GCSE Computer Science 9 x Module Quizzes - Great for exam revision, consolidation, assessment or homework

This is a collection of my module quizzes - a series of exam style questions and key knowledge/skill checks for each of the main Computer Science topic. Questions are applicable to all exam boards including AQA and OCR. All module quizzes come with full answers provided. I print these 2 to a page and use them both for end of topic assessments for current year 10, and exam revision for year 11.
MrWatkins123
Primary Computing - Understanding Pattern Recognition - Scratch Project

Primary Computing - Understanding Pattern Recognition - Scratch Project

First, familiarise yourself with the terms Pattern Recognition and Decomposition, by watching Part 5 of “Delve in, for twelve min!” (Video linked above). Give the children the ‘Pattern Recognition’ scratch project. Children have to find different ways to reduce the amount of code that is repeated. I’ve included 3 different solutions; Broadcast (Not always the best solution, please see Part 6 of “Delve in, for twelve min!” on ‘concurrency and dependency’ ) Make a Block function (more advanced when you include number input) Using Make a block, selection and repetition (You can see how much smoother the code runs straight away) Please let me know how you get on! Cheers Phil Wickins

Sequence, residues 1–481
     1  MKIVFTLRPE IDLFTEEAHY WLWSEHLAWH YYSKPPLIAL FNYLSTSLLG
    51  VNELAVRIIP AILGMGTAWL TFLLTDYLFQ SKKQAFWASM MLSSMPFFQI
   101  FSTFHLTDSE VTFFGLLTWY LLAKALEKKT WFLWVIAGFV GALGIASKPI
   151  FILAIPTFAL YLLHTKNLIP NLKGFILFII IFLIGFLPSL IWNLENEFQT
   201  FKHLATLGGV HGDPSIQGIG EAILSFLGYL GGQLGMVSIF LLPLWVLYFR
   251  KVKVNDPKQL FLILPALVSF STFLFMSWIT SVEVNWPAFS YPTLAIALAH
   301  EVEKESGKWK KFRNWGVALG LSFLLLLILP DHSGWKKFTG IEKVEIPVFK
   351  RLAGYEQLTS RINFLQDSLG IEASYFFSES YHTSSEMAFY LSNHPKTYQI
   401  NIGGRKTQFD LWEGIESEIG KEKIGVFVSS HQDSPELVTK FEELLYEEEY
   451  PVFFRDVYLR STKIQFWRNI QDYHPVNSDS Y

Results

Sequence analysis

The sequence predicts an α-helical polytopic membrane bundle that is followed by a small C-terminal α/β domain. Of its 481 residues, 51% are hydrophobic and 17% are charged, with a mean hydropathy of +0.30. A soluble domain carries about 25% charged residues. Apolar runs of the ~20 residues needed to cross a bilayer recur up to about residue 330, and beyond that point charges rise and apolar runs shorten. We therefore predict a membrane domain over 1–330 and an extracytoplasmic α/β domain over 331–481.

PhilWickins
Computational Thinking Knowledge Organiser GCSE OCR Computer Science J276

Computational Thinking Knowledge Organiser GCSE OCR Computer Science J276

My current year 11 students have been extremely positive about the Knowledge Organisers that I have created for their Computer Science revision (and students in previous years on the legacy spec). This resource covers the terminology involved in Computational Thinking along with an explanation of pseudocode and flow charts with several examples using sequence, selection and iteration. It also cover sub-programs and shows the difference between procedures and functions with examples of each. This covers the new J276 OCR specification for GCSE Computer Science. Please do leave feedback if possible, I hope you find it useful.